Miso Kim introduced her lesson on the Korean language to students at Keller Middle School by telling them the meaning of her name.
“Miso means smile in Korean, so when you see me, I want you to smile,” Kim told eighth-graders in Stephanie Thiele’s class last Monday.
Kim, a high school English teacher from Jeju Island, South Korea, found plenty of reasons to smile during her two-week visit to the Keller area.
Kim was one of 14 educators visiting Keller schools as part of the Fulbright American Studies Institute for Korean Secondary School Teachers of English.
The program is conducted annually by the Texas International Education Consortium (TIEC), a group of Texas universities working together to improve global education.
The visiting teachers learned about American education practices and culture and shared with students and KISD staff about Korean schools and culture. Eleven KISD campuses hosted the foreign educators while faculty and community members provided host homes.
During her cultural presentation, Kim talked briefly about Jeju Island (known for its beautiful beaches and tangerine orchards), the popular spicy cabbage dish kimchi and famous Koreans like “Gangnam Style” rapper Psy and figure skater Kim Yu-Na.
She spent most of the session giving the students a quick lesson in writing a few words in the Korean “Hangul” alphabet.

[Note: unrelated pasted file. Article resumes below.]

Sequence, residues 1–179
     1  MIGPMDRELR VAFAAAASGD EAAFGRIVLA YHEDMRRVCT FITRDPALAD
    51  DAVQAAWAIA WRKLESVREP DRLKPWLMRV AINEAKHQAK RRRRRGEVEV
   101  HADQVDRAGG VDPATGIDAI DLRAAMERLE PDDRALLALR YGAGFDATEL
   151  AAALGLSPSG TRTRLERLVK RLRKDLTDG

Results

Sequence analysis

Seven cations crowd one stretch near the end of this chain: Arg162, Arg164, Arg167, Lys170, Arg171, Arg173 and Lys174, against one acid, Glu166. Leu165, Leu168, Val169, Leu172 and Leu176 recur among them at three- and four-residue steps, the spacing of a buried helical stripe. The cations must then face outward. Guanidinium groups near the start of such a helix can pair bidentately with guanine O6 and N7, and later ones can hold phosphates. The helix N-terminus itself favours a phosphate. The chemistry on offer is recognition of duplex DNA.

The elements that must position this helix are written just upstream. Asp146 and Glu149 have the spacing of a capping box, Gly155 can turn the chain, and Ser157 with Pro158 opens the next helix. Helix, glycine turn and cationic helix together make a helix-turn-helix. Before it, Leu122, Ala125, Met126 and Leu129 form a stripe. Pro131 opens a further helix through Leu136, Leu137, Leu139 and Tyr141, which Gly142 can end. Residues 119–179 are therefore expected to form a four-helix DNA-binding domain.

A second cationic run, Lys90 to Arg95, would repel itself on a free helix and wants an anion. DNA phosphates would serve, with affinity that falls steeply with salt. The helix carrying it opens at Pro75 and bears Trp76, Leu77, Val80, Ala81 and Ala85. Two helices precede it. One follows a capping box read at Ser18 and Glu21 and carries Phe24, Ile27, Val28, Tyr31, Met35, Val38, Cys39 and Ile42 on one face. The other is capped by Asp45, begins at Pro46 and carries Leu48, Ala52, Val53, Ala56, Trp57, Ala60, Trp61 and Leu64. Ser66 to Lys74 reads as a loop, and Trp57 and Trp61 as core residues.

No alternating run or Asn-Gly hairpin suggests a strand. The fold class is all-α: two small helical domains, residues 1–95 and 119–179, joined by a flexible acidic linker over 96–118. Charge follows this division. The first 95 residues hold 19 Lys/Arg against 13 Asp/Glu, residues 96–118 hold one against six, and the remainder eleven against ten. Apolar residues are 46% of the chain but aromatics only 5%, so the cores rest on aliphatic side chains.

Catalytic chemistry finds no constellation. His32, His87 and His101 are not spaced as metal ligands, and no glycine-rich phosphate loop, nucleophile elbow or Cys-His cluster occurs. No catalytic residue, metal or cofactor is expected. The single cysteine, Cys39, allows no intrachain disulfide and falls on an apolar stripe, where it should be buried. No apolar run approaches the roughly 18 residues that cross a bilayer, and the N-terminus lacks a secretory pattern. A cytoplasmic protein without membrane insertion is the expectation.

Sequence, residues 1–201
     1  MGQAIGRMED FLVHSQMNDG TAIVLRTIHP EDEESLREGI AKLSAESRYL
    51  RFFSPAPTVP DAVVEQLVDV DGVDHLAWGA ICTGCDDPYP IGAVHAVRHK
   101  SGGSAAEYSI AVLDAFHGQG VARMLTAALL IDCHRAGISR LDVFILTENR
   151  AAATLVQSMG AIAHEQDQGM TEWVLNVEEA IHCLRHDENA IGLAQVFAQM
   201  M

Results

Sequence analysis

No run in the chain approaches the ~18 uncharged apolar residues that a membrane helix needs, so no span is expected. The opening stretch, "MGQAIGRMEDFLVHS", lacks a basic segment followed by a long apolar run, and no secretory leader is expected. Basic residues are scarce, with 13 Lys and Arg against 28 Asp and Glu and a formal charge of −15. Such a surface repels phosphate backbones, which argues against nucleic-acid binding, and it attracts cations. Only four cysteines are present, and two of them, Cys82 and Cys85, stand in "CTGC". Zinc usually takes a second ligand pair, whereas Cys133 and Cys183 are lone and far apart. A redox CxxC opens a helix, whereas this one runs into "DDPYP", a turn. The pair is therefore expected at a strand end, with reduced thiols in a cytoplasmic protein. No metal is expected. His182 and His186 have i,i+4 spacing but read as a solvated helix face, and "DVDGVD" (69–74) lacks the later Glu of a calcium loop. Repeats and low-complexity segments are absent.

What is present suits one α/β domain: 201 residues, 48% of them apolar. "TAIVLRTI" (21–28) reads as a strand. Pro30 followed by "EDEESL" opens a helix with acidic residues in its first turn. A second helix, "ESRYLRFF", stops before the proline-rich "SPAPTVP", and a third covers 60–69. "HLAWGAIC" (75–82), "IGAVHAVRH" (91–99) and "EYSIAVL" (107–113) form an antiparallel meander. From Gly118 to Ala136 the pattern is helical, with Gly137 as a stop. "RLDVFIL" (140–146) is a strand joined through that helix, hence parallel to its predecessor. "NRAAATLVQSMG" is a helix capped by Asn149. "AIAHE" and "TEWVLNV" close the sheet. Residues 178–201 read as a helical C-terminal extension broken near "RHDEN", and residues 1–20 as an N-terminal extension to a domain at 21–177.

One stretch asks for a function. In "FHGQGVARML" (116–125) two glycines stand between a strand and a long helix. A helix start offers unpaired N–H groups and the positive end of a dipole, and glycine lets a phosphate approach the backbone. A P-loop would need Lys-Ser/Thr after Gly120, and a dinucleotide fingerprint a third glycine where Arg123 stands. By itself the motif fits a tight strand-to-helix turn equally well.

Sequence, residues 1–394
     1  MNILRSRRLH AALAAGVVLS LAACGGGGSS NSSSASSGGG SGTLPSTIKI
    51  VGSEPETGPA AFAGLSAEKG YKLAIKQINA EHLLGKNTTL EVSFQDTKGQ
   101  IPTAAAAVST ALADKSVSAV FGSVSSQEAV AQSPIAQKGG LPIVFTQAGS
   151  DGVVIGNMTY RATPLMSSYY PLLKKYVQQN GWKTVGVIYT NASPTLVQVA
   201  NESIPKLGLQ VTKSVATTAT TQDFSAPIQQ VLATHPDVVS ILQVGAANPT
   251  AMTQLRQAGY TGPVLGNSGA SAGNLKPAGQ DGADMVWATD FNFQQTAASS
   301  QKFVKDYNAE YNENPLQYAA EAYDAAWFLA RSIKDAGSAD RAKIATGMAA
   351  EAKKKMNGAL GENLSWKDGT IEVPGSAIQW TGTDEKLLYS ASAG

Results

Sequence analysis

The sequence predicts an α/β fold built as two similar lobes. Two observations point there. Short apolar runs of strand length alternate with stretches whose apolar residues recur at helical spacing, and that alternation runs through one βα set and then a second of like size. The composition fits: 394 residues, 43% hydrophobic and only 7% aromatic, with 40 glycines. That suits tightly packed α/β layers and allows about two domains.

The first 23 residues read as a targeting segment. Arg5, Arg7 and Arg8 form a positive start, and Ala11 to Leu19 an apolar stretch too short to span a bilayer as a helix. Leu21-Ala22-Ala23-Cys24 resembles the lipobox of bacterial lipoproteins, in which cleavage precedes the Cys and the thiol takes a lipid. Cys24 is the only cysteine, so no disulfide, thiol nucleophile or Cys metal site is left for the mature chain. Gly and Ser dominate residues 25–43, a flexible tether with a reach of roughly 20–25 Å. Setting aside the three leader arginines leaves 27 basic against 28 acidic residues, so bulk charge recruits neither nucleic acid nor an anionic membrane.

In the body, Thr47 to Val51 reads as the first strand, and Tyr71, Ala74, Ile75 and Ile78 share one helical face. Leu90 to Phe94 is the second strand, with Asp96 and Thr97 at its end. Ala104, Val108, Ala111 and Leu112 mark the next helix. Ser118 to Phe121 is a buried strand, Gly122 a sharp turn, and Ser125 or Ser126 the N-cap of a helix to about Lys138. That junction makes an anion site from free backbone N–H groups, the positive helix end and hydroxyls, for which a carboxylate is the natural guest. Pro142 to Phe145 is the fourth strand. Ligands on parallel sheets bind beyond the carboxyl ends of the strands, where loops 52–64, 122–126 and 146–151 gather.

Kim also talked about South Korean schools. High school students typically stay at school from 7:30 a.m. until about 10 p.m. every day, having lunch and dinner in the cafeteria. Elementary students leave earlier in the evening but usually have music lessons at night. In middle and high schools, students stay in one room while teachers move from class to class. Everyone removes their shoes and puts on slippers when they arrive. Students also clean the building as part of their school day.
Keller Middle School students enjoyed learning about the country, culture and language, asking Kim and fellow teacher Ha Rim “Jane” Kim a lot of questions during presentations.
“I thought it was really good because we got to see an insider’s view, not just a travel video,” said Alex Shah, an eighth-grader.
Kim said she enjoyed spending time with American students. Americans tend to be more talkative and willing to share opinions and answer questions than Korean teens, she said.
“I like how students are willing to answer questions even if they don’t know the right answer,” she said. “Korean students don’t speak up as much even if they know the answer.”
She also noted that American students and teachers work hard at school, going over a lot of information during their shorter school day.
The teachers and their host families were cramming a lot of activities into their stay.
Kim said she enjoyed seeing the Fort Worth Stock Show and Rodeo, the Kimball Art Museum, Bass Hall, the Fort Worth Museum of Science and History and the mall. Her favorite types of food while in Texas were Tex-Mex and barbecue.
Robyn Baker, a KISD diagnostician, said that hosting Kim and two other Korean teachers has been a wonderful experience.
“I signed up as a courtesy, but we’ve gained so much,” Baker said. “They’ve opened up the whole world to our family.”
Kim McCollum, math teacher and mentor to Miso Kim, said, “It sparked my interest and made me think, ‘when do I get to go over and see Miso’s classroom?’”